Biden says (regarding Romney’s tax returns) that his father always said “don’t tell me what your priorities are, show me your checkbook and I’ll show you what your priorities are” (big time paraphrase on my part). Huckabee went on to point out the charitable giving of Romney, Obama, and Biden (I don’t remember the years cited). Romney- ~15%
    Obama- ~6%
    Biden- ~0.15%

    I wanted to look it up, but I was driving at the time.

  • cameron

    Churches are not charities. You realize that don’t you?

  • cameron

    Is this propaganda. Giving to church is not the same as donating to charity. Show your data sources. What is your definition of charity? Are you feeding the poor? Any poor? Our feeding them your beliefs.

    • Conservachef

      This pretty much sums it up.

    • Warren Tenney

      I can’t speak for all churches, but I know the Mormon church is second only to the Red Cross in charitable actions, with huge relief efforts in the US and to countries abroad including feeding and clothing the poor, job training and various financial help programs. And that’s only the matter-of-record stuff. I know they and their members do lots more off the record.

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  • Guest

    The statistics cited
    religious giving makes up the bulk of U.S. donations>>>
    These statistics do not discriminate between charitable giving for humanitarian causes (e.g., Doctors Without Borders, NRDC, NWF) and those for non-humanitarian causes (e.g., presidential libraries, building luxurious church buildings and community buildings for parishioners) so no significant conclusions are possible. are ambiguous. Charitable giving is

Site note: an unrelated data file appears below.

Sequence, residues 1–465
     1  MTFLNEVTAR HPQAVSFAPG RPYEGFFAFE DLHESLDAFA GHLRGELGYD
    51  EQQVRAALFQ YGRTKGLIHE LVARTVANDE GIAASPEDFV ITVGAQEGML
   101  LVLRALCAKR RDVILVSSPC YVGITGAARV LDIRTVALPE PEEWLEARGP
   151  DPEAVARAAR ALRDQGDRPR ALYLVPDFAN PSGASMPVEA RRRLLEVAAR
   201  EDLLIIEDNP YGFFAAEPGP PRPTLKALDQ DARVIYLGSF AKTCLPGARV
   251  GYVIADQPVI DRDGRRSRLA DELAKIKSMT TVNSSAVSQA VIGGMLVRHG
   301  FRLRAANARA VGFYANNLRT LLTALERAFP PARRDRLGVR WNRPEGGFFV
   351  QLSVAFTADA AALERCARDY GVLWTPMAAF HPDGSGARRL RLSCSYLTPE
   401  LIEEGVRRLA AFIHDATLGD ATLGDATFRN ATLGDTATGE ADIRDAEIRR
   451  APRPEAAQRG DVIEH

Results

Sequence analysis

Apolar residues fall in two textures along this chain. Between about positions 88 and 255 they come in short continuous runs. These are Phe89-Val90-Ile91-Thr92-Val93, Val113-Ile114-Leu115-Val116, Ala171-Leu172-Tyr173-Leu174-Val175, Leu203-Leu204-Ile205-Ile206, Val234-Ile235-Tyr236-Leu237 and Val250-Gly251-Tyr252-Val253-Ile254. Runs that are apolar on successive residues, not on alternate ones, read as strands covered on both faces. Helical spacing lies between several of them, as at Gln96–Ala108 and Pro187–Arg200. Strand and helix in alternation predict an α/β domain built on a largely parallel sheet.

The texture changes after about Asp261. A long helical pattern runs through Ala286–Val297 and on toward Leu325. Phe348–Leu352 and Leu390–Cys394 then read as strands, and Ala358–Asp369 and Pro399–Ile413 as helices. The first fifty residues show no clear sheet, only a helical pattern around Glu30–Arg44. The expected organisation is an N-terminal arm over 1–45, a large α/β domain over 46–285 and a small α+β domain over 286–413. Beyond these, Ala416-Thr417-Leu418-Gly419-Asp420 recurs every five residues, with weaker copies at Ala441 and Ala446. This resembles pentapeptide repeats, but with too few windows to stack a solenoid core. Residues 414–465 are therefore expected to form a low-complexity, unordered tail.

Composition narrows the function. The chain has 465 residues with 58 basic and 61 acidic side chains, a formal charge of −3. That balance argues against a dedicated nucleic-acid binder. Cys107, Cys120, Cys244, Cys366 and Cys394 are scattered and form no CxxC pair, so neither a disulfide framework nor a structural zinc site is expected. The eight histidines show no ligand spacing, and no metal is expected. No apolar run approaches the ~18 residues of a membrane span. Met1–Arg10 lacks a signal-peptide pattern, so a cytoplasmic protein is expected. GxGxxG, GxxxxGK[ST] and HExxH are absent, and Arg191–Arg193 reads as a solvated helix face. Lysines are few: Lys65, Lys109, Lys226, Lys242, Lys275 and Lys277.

These statistics do not discriminate between charitable
    giving for humanitarian causes (e.g., Doctors Without Borders, NRDC, NWF) and
    those for non-humanitarian causes (e.g., presidential libraries, building
    luxurious church buildings and community buildings for parishioners) so no
    significant conclusions are possible.

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  • deanrd

    That’s hilarious. Republicans think if they give away an old can of creamed corn that has been sitting in the back of the pantry for the last 5 years, they are really “giving”. Democrats believe if they invest in education and give people a “chance” for a better life, it is they who are “giving”. What Republicans “give” no one benefits from for more than a single meal.

    • Texas_Accountant

      I am a conservative and took Catholic High School kids to Honduras to help at a Catholic orphanage. We spend time and money there and at other orphanages and schools. Didn’t give anyone a can of creamed corn, though. Maybe we can do that next year. Tell us what you have done, besides vote to spend other people’s money.

    • That’s hilarious. Democrats thing they’re generous because they use the power to the state to take money from others which they then redistribute (after helping themselves to a generous fraction) to those they consider needy.